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This is a question about preferences.

Assume a programming language offers these two options to make a string with some variables:

  1. "Hello, my name is ". name ." and I'm ". age ." years old."
  2. StringFormat("Hello, my name is $0 and I'm $1 years old.", name, age)

Which do you prefer and why?

I have found myself using both without any clear reason to pick either. Considering micro-optimizations is not within the scope of this question.

Localization has been mentioned as a reason to go with option #2 and I think it's a very valid reason and deserves to be mentioned here.

However, would opinions differ based on aesthetic viewpoints?

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closed as primarily opinion-based by Matthew Flynn, gnat, GlenH7, Michael Kohne, Dan Pichelman Nov 1 '13 at 16:46

Many good questions generate some degree of opinion based on expert experience, but answers to this question will tend to be almost entirely based on opinions, rather than facts, references, or specific expertise.If this question can be reworded to fit the rules in the help center, please edit the question.

    
When the question was generic, there were valid technical reasons why to prefer one over the other, making the question on-topic. But aesthetic reasons are by definition purely subjective and as such the question is off-topic on this site. Upvote retracted. –  Jan Hudec Nov 4 '13 at 14:16

1 Answer 1

Formatting, because of localization.

If you write anything for which there is any risk it might be published, it is likely you'll have to localize (translate) it. Than it will pay off if you write the strings in localizable format from the start, because it will be pain to update otherwise.

Basically if you write

"Hello, my name is" . name . " and I'm " . age . " years old"

than the translator will see these 3 strings:

"Hello, my name is"
"and I'm"
"years old."

and they

  1. Make absolutely no sense to the translator, who often does not know the program well. Most of the time they never see it, especially when commercial software is translated by translation agency.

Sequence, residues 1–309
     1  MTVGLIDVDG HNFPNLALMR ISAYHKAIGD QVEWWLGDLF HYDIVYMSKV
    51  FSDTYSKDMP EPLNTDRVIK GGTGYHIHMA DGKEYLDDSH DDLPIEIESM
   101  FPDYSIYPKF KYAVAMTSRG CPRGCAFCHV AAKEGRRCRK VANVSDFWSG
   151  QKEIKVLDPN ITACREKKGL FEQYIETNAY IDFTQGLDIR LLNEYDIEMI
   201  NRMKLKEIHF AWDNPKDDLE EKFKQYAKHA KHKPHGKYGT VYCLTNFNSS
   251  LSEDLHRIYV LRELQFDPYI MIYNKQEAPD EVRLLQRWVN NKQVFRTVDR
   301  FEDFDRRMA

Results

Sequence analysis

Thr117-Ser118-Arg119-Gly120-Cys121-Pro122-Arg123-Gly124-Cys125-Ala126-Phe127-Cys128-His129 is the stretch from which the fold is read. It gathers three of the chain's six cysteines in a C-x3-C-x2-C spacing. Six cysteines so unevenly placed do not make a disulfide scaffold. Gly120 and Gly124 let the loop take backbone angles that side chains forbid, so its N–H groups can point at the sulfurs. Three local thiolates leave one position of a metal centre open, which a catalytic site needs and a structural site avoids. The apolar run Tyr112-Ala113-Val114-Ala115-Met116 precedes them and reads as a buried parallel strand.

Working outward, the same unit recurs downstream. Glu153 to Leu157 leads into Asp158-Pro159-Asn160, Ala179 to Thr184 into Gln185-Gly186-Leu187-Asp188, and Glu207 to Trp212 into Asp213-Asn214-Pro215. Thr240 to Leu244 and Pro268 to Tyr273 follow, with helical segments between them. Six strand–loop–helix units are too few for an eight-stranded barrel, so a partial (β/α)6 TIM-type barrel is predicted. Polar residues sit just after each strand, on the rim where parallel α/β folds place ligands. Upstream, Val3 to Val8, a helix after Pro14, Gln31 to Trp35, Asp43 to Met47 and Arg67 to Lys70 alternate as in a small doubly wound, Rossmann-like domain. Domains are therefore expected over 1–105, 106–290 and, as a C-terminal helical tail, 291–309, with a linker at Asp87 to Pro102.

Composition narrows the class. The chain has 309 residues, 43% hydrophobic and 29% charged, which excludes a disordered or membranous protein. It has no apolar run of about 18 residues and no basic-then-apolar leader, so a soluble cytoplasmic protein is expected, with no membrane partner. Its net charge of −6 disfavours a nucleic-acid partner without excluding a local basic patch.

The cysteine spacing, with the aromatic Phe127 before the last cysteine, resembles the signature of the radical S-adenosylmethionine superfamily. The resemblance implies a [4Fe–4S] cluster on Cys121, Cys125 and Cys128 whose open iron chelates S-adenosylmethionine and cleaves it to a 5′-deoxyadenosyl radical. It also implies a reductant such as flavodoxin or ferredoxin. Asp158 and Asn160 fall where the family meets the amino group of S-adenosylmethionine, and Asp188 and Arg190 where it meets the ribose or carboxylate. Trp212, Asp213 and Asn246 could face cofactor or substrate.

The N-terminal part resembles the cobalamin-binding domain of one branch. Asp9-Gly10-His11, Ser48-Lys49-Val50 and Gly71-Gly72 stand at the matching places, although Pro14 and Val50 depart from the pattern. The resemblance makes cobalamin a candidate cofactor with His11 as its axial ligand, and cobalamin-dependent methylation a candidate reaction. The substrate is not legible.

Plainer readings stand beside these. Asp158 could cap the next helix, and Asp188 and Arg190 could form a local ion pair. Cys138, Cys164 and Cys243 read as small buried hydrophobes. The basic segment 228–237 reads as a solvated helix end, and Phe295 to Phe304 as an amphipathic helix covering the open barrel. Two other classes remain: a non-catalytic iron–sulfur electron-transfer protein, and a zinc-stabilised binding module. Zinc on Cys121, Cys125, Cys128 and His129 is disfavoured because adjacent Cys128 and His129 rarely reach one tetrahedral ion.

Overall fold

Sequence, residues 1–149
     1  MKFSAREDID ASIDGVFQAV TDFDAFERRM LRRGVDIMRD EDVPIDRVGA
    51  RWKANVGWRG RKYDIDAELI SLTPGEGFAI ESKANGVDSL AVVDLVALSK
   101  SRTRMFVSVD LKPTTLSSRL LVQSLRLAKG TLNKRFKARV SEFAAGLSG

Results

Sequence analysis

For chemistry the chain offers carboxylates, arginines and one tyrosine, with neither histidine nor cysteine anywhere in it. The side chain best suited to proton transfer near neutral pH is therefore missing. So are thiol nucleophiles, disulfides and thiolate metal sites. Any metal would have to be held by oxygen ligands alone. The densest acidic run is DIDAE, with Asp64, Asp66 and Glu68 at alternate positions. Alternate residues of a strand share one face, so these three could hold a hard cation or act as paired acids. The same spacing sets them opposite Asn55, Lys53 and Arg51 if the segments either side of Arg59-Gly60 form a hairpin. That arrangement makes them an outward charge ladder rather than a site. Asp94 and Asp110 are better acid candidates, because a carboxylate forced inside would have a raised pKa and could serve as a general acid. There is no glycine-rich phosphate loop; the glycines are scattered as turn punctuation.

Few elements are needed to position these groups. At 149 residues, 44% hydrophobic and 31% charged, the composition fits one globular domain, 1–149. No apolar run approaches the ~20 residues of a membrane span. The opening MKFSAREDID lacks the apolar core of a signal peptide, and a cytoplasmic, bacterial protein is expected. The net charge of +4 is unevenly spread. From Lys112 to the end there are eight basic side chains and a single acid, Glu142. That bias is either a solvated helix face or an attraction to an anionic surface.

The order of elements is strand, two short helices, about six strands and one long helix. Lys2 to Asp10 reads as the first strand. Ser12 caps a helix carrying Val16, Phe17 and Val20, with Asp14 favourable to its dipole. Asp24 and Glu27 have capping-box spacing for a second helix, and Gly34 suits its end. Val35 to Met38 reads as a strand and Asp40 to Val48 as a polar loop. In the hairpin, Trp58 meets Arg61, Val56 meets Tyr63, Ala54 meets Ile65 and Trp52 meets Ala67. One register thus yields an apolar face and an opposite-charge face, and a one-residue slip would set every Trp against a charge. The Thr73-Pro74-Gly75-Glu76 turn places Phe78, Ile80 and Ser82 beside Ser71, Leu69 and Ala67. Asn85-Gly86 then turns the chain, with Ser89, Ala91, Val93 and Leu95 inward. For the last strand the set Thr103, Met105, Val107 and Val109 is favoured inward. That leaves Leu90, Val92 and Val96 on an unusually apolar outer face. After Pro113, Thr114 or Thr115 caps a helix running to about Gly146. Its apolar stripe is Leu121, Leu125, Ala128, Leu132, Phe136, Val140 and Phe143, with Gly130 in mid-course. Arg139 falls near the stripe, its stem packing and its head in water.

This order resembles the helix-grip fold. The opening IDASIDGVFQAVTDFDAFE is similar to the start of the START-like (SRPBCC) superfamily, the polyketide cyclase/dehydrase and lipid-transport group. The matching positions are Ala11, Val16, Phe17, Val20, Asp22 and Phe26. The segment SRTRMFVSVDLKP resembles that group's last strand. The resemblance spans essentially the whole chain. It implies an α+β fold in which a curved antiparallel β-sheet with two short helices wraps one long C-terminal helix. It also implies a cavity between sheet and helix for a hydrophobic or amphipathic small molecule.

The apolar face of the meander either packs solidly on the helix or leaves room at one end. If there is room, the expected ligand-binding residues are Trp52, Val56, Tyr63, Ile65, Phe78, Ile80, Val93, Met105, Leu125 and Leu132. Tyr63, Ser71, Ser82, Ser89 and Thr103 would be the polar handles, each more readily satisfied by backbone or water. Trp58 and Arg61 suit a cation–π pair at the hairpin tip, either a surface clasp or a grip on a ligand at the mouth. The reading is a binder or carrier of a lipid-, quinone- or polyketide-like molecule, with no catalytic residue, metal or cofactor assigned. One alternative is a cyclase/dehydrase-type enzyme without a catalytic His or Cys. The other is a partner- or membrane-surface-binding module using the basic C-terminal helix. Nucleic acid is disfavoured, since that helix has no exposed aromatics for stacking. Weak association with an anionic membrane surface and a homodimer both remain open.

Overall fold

2. There is some language somewhere where the word order has to be different. In example where there is a string before, between and after all values as above, the words can be reordered. Provided the translator actually knows the bits go together, which they don't. But if there is a value at the beginning or end, you're in trouble.

For more detailed discussion and somewhat better examples, see GNU Gettext manual.

Note: When I write quick private helper scripts and such I also mix the forms, usually depending on which one is more convenient in the language I am using at the moment. But in anything that might get distributed localization is important topic and some of the problems are often non-obvious to native English speakers. So I'd really recommend at least skimming the Gettext manual to all programmers.

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This is a very valid reason and one I hadn't considered yet. I don't come across localization often during my work so for me that's not a big issue. –  Davio Nov 1 '13 at 12:53
    
@Davio: Localization issues are often non-obvious to native English speakers and even to many other programmers who never tried to translate anything. We currently have 22 translations in our software and I am about to do a large refactoring of string formatting that will include fixing large number of strings that were not using formatting properly, because even some here won't do it right even though we are not native English speakers and we had three languages right from the start. –  Jan Hudec Nov 1 '13 at 13:13

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